House of Leaves

By Elizabeth S. Pierce

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    Sue Ellen sniffed the acrid smell of burning leaves and felt the wind blowing her curls. She looked up through the gold and red leaves still on the maple trees in her backyard and thought she’d never seen the sky so blue. Today was Saturday and she was restless. “Mom,” she asked, “what’ll I do?”

    Her mother laughed. “Why, Sue Ellen, on a nice October day like this, I’d make a house of leaves.”

    “Oh, Mom,” Sue Ellen said, “how can anyone do that?”

    “It’s easy and lots of fun,” her mother said. “Get your little rake from the toolshed and rake up a big pile of leaves. Then when you get tired of jumping into them, let me know and I’ll show you how to make a house.”

    Sue Ellen’s best friend Linda lived next door. She couldn’t think of anything to do either until she saw Sue Ellen raking an enormous pile of leaves.

    “Can I help, Sue Ellen?” she called.

    “Sure, Linda. After we make a big pile, Mother’s going to show me how to make a house of leaves.”

    Soon their pile of leaves was higher than both of the girls.

    “Let’s run and jump right in the middle!” Sue Ellen shouted.

    “Let’s!” agreed Linda.

    They ran and jumped plunk into the middle. When they got up, there were leaves in their hair, down their necks, in their shoes, and some were even sticking out of their ears. And they laughed and laughed. “How do you make a house of leaves?” Linda asked.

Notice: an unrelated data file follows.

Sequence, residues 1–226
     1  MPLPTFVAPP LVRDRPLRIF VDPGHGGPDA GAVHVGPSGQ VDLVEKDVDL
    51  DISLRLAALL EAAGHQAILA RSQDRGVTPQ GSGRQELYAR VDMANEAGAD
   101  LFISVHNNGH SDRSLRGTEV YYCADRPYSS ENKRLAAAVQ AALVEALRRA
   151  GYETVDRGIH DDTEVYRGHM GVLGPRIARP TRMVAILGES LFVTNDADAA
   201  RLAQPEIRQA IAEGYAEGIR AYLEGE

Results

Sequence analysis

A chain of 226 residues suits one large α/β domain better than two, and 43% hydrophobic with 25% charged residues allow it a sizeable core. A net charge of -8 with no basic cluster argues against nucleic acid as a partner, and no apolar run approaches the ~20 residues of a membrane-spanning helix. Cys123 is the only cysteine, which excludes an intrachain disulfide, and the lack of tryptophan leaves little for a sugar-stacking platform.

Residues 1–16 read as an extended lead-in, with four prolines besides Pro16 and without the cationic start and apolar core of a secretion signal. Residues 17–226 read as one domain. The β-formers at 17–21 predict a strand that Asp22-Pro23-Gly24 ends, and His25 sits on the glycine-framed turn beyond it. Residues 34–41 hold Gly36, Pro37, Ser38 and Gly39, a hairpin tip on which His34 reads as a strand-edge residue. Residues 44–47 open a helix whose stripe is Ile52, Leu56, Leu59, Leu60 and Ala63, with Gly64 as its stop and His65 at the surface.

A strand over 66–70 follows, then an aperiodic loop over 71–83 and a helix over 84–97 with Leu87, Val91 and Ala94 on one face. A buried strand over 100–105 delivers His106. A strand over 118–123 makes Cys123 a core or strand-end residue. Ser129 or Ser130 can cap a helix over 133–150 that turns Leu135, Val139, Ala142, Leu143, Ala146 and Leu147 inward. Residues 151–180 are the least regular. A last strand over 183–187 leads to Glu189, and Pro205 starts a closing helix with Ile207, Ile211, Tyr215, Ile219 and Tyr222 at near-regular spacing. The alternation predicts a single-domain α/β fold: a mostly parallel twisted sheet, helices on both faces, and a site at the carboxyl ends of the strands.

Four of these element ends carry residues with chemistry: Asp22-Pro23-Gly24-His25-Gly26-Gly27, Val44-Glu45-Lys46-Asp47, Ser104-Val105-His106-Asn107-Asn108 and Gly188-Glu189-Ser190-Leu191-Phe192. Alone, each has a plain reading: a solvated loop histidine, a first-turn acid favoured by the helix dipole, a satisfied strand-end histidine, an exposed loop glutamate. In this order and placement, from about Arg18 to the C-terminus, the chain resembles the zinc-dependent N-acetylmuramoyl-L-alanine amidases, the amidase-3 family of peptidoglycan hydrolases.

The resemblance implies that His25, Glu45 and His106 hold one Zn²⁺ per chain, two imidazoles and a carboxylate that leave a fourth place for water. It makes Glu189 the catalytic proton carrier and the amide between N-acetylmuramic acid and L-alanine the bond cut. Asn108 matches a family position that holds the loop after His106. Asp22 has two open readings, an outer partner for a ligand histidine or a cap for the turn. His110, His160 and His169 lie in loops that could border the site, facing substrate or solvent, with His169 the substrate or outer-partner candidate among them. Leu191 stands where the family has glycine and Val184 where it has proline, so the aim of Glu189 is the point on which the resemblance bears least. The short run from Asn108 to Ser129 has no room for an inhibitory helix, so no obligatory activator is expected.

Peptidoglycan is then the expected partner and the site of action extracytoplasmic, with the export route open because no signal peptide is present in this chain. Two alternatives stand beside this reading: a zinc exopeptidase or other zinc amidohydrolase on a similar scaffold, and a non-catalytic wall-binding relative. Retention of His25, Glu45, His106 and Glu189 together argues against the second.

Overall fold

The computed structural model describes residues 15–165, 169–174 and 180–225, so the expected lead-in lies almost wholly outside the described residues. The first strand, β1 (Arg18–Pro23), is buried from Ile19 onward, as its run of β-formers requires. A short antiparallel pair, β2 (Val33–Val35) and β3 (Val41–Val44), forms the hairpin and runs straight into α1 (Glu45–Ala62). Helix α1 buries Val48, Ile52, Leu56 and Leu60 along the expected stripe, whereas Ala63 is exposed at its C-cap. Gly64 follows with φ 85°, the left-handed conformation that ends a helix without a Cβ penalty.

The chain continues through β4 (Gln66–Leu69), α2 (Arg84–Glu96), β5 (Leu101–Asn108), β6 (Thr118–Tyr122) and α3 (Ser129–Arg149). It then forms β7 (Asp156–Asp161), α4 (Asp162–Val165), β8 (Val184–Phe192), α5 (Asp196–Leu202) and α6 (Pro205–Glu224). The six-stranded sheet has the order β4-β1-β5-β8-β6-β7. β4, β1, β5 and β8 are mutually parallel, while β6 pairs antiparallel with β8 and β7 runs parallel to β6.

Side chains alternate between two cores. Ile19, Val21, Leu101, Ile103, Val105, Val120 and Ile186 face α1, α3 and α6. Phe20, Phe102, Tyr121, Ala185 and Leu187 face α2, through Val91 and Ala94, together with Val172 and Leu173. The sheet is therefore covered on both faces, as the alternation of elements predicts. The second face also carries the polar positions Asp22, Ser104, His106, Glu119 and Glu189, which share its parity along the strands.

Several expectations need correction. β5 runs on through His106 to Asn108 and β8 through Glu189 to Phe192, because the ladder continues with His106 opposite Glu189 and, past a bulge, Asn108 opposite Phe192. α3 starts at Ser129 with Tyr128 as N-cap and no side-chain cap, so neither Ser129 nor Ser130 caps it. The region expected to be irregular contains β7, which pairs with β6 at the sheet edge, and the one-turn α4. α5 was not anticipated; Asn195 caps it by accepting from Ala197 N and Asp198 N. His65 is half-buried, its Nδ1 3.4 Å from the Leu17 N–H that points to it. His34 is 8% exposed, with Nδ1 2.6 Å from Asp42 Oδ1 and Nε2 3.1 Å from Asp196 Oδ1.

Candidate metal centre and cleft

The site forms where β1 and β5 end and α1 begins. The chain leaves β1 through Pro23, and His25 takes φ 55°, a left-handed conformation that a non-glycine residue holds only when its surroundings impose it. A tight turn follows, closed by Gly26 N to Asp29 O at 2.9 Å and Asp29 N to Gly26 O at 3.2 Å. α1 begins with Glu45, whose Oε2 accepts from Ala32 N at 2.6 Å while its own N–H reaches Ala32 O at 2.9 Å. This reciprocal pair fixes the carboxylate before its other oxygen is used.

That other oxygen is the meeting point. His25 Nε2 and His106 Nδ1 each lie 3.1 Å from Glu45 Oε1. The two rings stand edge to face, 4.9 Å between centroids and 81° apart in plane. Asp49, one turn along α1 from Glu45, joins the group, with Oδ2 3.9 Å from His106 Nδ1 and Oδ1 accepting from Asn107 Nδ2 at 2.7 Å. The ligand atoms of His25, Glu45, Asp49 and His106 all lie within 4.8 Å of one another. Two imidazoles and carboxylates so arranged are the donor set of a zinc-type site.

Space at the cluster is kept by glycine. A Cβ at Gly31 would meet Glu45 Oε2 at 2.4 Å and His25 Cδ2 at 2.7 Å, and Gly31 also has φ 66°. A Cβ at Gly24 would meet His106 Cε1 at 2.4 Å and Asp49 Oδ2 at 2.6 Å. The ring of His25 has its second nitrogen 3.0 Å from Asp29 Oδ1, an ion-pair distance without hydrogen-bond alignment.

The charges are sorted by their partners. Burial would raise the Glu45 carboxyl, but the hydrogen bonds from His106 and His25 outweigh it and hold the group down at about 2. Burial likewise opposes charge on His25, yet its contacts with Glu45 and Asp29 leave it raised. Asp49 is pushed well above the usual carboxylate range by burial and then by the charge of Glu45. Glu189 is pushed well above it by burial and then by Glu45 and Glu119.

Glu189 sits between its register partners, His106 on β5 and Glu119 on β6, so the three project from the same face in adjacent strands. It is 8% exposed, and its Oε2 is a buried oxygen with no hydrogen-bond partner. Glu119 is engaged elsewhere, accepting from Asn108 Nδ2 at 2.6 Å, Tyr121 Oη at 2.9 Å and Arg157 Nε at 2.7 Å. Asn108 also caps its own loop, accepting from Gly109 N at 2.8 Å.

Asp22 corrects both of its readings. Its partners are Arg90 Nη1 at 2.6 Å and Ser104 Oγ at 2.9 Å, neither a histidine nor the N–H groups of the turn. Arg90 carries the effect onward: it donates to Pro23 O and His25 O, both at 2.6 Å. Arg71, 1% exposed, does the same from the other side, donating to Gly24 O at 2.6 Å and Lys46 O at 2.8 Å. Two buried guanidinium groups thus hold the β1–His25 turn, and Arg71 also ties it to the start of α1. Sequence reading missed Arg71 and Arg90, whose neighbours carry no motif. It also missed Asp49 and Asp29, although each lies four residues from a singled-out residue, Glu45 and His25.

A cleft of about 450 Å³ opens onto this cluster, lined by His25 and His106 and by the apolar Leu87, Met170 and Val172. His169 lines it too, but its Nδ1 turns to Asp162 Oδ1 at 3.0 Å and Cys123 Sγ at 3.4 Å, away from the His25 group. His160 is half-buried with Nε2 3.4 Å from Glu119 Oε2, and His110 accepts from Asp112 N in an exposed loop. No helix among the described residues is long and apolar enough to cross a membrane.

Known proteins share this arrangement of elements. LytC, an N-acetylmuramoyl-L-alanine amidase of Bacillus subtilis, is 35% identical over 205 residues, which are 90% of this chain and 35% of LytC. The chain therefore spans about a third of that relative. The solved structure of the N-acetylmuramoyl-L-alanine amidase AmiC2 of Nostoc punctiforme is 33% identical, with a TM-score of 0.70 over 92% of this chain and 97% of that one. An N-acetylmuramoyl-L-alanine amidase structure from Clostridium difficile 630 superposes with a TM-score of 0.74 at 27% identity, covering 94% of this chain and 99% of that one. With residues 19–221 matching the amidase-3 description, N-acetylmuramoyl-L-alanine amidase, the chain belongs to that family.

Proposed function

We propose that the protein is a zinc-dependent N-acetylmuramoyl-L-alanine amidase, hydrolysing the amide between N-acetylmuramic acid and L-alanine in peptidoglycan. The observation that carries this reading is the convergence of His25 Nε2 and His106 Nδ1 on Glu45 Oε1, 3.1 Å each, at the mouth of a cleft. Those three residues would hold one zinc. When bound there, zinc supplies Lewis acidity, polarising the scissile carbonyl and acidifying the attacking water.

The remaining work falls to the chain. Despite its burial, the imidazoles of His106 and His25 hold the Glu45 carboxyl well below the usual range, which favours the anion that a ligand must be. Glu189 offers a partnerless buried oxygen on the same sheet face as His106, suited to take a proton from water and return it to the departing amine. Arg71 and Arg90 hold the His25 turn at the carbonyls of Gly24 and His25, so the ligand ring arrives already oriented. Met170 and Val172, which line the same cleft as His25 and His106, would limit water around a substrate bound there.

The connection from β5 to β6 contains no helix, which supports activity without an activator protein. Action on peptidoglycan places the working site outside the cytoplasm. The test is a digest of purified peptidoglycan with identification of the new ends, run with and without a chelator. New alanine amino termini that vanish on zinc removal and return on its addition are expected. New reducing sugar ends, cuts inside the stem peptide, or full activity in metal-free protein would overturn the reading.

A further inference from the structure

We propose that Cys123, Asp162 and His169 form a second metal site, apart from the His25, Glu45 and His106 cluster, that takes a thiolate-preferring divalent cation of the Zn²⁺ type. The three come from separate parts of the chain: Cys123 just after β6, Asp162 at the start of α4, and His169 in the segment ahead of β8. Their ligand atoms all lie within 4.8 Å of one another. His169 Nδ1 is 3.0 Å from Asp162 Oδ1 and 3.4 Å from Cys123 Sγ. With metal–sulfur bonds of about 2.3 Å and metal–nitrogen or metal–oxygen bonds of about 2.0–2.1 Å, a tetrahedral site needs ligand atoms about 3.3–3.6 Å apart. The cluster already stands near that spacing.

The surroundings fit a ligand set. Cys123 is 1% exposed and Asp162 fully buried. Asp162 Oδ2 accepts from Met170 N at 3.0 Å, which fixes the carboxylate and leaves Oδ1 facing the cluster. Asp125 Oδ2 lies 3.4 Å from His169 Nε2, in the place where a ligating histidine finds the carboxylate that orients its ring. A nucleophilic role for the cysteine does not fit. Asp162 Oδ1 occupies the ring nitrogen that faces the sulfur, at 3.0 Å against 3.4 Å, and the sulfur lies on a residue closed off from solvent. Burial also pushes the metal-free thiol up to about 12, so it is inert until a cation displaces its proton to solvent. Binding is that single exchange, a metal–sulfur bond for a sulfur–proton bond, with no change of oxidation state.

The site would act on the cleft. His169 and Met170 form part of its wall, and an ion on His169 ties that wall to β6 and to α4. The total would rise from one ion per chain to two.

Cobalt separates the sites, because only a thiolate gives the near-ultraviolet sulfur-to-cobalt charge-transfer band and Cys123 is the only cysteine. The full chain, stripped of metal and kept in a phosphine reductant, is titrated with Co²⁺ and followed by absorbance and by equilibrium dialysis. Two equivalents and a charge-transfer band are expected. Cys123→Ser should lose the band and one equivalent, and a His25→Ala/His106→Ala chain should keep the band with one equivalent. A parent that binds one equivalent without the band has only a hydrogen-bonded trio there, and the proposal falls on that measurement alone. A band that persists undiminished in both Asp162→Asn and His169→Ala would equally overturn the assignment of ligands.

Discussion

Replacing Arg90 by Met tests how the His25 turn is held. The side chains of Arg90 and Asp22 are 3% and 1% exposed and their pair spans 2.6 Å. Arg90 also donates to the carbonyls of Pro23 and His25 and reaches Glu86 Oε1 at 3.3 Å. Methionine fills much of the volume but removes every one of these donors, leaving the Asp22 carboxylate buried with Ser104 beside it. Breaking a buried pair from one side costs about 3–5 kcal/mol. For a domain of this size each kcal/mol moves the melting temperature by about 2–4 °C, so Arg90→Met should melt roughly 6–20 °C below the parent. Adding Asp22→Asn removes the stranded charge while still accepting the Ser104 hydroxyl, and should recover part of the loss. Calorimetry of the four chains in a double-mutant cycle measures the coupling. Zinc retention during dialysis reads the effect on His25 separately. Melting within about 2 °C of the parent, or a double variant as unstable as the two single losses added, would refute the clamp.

“I don’t know, but Mother will show us,” Sue Ellen replied.

    Sue Ellen’s mother came out with the big rake. “Now then, how many rooms will your house have?” she asked.

    Sue Ellen said, “We’ll want a kitchen so we can make gingerbread men and a dining room—”

    “And we need a living room and two bedrooms, one for Sue Ellen and one for me,” Linda interjected.

    Sue Ellen’s mother raked a square of leaves. Then she said, “We need a door to the porch and one to the dining room and lots of windows.” Then she raked away some of the leaves for the doors and windows.

    “Oh, oh, I see!” cried Sue Ellen. “Come on, Linda, let’s make the rest of the rooms.” And soon they had a kitchen and a dining room and a living room and two bedrooms and a porch.

    When their house was finished, Sue Ellen said, “Now we need some furniture for our house.”

    “I know!” declared Linda, clapping her hands. “Let’s get our dolls and doll furniture and play house.”

    After the girls had everything arranged, it was time for lunch and their nap. When their naps were over, Sue Ellen and Linda decided to make a different house. So they raked their leaves up into a pile again and made an even grander house.

    About three o’clock Sue Ellen’s mother came out and said, “Knock, knock. May I come in?”

    “Oh, Mrs. Anderson, how nice to see you,” Sue Ellen answered. “Do come in.”

    “Please have a chair,” Linda said.

    “Thank you, I will,” Mrs. Anderson replied. And she sat on a little pile of leaves in the living room.

    “I came over to ask if you ladies would take tiffin with me.”

    “Oh, yes, we’d love to!” they both answered, giggling.

    “I have it all ready, and I thought we could have it at your house. I’ll be back in just a minute.” And faster than you can say one, two, three, she was back with a tray of hot chocolate and hot gingerbread men.

    After they finished eating, and when Mrs. Anderson was leaving, she said, “What a lovely house you have!”

    “We think so,” Sue Ellen and Linda answered. “Thank you very much for tiffin, and do come again tomorrow.”

    Illustrated by Barbara Bailey